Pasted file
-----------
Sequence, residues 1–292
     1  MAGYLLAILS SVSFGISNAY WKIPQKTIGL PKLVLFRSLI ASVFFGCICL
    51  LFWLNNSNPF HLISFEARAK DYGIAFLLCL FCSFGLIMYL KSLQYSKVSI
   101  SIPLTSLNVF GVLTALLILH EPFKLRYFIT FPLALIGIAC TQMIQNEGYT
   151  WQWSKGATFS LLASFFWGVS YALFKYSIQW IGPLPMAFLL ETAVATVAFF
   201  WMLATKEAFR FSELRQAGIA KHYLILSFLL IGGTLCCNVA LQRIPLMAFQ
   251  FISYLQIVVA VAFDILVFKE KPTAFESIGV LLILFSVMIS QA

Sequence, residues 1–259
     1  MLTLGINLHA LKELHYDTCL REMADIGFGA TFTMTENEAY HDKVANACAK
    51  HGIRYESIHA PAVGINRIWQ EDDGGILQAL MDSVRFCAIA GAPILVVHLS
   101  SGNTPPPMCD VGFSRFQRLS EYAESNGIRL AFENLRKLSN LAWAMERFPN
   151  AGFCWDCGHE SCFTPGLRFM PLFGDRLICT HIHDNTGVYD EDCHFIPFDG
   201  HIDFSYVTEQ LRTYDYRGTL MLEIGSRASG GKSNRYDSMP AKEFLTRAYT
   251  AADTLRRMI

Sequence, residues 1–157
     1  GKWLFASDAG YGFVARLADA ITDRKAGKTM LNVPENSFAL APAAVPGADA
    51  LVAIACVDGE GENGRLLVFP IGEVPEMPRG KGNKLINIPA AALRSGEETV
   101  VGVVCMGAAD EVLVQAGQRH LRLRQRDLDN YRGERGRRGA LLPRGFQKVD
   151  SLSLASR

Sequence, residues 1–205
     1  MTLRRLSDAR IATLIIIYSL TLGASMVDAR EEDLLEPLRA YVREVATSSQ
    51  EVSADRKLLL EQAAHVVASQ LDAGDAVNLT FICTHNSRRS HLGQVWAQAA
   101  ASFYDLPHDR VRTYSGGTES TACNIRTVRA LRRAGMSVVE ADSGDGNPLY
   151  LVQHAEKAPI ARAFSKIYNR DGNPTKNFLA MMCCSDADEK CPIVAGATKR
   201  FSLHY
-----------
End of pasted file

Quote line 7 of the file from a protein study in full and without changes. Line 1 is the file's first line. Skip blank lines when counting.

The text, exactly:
   251  FISYLQIVVA VAFDILVFKE KPTAFESIGV LLILFSVMIS QA